Feminine — a word which speaks beyond than just being on the other side of the duality, along with its counterpart; just like the two poles tending towards any centre on the space-time continuum, just like the two sides of the same coin, just like any other duality that the cosmos plays, which have been implanted in one unified being. While our nation continues to cry out for the misery that our sisters yet face today, villages in Rajasthan and Bihar have a unique tale and ecstasy to share; a tale which tells us more about their humble pride of being gifted with a girl-child, tackling the very major social problem faced within our boundaries, that is, female foeticide.
Nature has been addressed to as feminine since time immemorial. The context of being nurtured and nourished by someone is the pure characteristic of the sacred feminine — a potential reason as to why we call it ‘Mother Nature’. Sacrifice, affection, shade are some of the many synonyms to a woman, and so is to pure nature.Â We’veÂ merged this gender to nature’s gifts which is vital to us, during our stay. A unique ideology of intersecting the sacred feminine with chastised ecology has been adopted in India by Rajasthan’s Piplantri village and a village in Bihar named Dharhara, enacting its way towards contributing to the belief of Green Politics — Eco-feminism.
Villagers of Piplantri village plant 111 trees every time a girl-child is born. Yes, you’ve read it well, 111 trees for each girl-child. Although the specific number of trees being planted still remains a mystery but villagers have something more to offer. A sworn statement is signed by them in the presence of the village council confirming that the villagers will not let the girl marry her off before legal age, assure to provide her with valued education and nurture the trees named on behalf of her at the same time. The ideology however, isn’t new. Paulownia is a genus of plants which in Japanese is known as kiri, and which also means as the “princess tree”. It continues to remain a Japanese tradition to plant the kiri every time a girl-child is born. A similar tradition which finds its similarities is amongst Jewish customs of planting trees in Israel on behalf of every good deed done among its brotherhood. Bihar’s Dharhara village, in the same way, aims to plant at least 10 saplings for every girl-child been born.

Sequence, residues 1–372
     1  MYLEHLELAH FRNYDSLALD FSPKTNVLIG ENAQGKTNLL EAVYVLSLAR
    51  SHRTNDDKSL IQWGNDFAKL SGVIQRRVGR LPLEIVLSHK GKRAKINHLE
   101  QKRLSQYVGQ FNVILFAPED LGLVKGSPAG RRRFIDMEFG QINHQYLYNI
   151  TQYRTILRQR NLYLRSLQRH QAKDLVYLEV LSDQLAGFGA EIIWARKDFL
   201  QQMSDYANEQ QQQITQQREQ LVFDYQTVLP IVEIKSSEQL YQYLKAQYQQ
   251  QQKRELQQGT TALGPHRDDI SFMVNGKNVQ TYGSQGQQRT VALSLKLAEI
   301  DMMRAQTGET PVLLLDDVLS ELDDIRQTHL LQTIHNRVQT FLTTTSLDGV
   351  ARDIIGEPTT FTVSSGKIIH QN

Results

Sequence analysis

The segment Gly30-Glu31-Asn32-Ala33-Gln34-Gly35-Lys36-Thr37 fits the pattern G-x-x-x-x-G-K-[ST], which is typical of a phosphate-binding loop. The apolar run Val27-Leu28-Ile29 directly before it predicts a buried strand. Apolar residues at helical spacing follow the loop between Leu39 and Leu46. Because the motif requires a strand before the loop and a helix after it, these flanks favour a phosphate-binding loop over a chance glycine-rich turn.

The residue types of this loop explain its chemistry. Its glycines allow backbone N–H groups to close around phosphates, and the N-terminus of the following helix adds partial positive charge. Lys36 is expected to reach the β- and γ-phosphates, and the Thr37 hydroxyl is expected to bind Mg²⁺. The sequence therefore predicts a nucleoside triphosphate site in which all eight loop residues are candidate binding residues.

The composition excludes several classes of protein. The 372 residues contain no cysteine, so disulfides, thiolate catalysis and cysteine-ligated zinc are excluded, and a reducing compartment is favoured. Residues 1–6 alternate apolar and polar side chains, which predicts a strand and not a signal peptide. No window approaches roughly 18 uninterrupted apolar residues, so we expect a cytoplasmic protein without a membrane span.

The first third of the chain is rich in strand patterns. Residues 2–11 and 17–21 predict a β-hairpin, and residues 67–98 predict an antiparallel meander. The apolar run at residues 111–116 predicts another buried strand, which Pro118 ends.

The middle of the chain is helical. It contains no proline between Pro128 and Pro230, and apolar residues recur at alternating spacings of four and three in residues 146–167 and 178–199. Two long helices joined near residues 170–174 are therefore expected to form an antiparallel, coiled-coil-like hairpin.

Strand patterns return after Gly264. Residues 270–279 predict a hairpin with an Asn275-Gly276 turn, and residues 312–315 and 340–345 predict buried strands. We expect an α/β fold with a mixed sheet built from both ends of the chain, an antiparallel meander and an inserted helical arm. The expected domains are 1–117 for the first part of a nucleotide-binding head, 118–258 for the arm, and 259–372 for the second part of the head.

The methodology has its own fruits to provide. Not only there is an increase in rural development and environmental benefits, but it also increases the green cover of the state. The methodology further aims to equate the imbalanced sex ration tending towards unity and hence in a roundabout way, solve the problem of female foeticide. Female foeticide in our nation is a grave problem with over 10 million fetuses illegally aborted in India itself. The number surely shames us all but ‘111’ finds a new reason to raise our pride. The initiative doesn’t end here. Since the trees planted may be infested with termites, villagers plant over two and a half million Alovera plants around them. On knowing the usefulness of the Alovera in every bio-chemical field, villagers have now found out a new source for their livelihood; a true socio-economic boon.
Indeed, this methodology of interconnecting the sacred feminine to ecology has brought about a whole new meaning to woman empowerment. Traditions, such as these, always find ways for greater opportunities. Awareness and adaptation to such methodologies act as endowments to every village if followed.
Concern, investment, ‘go-green’ initiative, you name it. A slogan waits chanting in the niches of our nation, “For every woman, creates life.”